The current governmental landscape betrays a belief that it is possible to run with the hare and the hounds ad infinitum when it comes to energy, and this simply isn't the case. Giving with one hand and taking with the other not only demonstrates a disingenuous attitude that further belittles trust, it also harms investment and makes us less competitive on the world stage.
We have heard a lot of comment from anti-coal campaigners in the last several months, especially during the public consultation period for the new energy strategy. Their opinion is important to us, as are opinions of all stakeholders. But presenting the EBRD as the last institution that clings to coal and focuses on fossil fuels is incorrect on many levels.
The Amazon rainforest is the largest gathering of trees on the planet, covering 5,500,000 square kilometers. The area is vast, spread across nine countries: the majority in Brazil (60%), followed by 13% in Peru 10% in Colombia and other small variants in Venezuela, Ecuador, Bolivia, Guyana, Suriname and French Guiana.
With accelerated changes to our climate, urgent action is required by the EU to end all tax breaks for aviation. The tax loopholes have no demonstrable benefit for European citizens, also apply to foreign tourists and airlines and lead to all of us, rich and poor, to involuntarily subsidise those who fly through lower take home pay.
If we, as a society, deem climate change the greatest threat facing humanity and that urgent action is needed to limit our CO2 emissions, then printing money to achieve that aim need not be inflationary because there is corresponding work associated with it, creating sustainable growth and boosting GDP.
In recent months there has been a renewed look at the idea of a financial carbon bubble, or unburnable carbon reserves. Most recently, a report from The Carbon Tracker with a forward by Lord Stern of the Grantham Research Institute on Climate Change (London School of Economics), argued that serious risks are accumulating for investors in high carbon assets, such as coal mining companies and the oil and gas industry.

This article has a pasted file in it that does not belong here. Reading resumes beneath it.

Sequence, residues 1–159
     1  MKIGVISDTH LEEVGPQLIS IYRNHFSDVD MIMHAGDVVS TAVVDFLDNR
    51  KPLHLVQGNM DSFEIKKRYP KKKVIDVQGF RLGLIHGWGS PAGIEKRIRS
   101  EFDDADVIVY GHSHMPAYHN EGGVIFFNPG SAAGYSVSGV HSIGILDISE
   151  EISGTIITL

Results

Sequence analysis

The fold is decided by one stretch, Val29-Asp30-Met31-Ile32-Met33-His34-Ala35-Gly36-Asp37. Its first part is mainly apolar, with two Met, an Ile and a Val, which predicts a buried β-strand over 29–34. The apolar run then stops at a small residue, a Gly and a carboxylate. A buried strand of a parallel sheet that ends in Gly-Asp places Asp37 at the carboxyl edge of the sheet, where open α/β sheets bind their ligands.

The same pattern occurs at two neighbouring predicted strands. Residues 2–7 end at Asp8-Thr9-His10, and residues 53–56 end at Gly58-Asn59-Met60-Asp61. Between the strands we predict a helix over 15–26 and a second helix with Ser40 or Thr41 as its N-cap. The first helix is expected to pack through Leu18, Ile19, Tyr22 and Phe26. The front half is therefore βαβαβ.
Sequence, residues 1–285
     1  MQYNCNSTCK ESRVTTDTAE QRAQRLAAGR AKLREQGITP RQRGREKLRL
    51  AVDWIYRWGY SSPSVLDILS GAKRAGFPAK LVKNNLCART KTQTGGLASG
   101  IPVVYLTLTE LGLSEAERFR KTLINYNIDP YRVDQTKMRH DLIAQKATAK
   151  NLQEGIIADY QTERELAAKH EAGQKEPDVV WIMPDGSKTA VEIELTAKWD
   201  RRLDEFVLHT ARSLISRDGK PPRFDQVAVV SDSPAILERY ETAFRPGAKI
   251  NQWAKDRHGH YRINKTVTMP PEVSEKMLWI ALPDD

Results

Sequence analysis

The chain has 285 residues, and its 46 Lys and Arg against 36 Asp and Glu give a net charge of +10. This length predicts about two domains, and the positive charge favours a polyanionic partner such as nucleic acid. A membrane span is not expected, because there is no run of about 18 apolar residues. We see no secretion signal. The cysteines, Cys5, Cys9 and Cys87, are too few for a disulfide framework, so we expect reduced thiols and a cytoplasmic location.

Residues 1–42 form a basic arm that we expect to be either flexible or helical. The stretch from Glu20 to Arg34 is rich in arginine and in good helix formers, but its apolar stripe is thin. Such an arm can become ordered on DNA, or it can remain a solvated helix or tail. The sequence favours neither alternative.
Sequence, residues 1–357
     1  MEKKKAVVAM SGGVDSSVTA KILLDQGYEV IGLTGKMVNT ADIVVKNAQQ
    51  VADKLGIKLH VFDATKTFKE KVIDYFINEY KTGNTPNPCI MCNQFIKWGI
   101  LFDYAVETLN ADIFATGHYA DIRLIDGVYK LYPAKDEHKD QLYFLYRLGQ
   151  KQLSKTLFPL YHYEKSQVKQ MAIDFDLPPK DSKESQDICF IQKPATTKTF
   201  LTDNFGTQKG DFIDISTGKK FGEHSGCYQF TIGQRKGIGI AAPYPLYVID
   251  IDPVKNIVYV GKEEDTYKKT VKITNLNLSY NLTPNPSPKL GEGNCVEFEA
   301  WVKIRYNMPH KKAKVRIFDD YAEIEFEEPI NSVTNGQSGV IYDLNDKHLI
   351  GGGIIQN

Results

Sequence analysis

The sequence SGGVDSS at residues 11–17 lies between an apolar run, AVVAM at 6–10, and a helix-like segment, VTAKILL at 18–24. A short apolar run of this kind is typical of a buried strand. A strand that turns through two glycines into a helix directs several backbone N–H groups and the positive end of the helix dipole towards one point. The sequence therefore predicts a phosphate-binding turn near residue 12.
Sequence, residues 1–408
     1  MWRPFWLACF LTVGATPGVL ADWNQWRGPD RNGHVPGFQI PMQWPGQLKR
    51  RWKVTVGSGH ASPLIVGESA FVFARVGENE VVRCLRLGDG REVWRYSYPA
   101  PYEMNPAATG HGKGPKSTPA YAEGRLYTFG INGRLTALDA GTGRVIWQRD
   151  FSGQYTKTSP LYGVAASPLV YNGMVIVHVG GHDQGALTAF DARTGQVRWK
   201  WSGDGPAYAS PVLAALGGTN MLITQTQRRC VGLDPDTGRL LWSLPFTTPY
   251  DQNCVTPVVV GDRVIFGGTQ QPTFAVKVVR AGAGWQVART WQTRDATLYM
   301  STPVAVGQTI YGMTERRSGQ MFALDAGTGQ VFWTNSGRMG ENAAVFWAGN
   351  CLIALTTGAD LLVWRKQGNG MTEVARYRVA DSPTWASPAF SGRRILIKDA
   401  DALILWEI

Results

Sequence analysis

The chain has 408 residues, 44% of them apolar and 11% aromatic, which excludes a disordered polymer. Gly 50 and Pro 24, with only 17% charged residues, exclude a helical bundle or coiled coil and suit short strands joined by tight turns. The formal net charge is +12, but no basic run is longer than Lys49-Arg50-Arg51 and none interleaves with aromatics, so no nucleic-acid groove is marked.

Our banks are as safe as houses. No, something stronger: our banks are as safe as...banks. Do not be afraid citizens of Britain, your cash is safe. That is the message from the banks and the government. Simply deposit your wages and your savings with us and we will treat your money with the good practice and deference for which the City of London is famous, they say.
Renewable technologies represent one of the few ready and easily deployable solutions to the energy challenges we face. But as those challenges increase in years to come, what would happen if we didn't turn to that technology to meet them? What would the wider impacts be if we failed to replace the finite fossil energy sources which sustain our very way of life?
The principle at stake here is the future of our planet. The future of our climate, and the future of the freedom to protest and voice dissent in Britain. Once, these activists were the Suffragettes, imprisoned and force-fed for refusing to give up their fight for the right to vote because they were women.
The UK government's decision to resume fracking has been welcomed by the oil industry, and widely lambasted by environmental campaigners. But to a large extent the debate about the potential of shale gas in this country has completely missed the point.
This was meant to be a blog about Waitrose's relationship with fossil fuel giant Shell (Waitrose had been considering plans to open up shops in Shell petrol stations across the country), calling on Waitrose to end their partnership with the mass polluter. But Waitrose must be mind-readers because on Wednesday they did just that.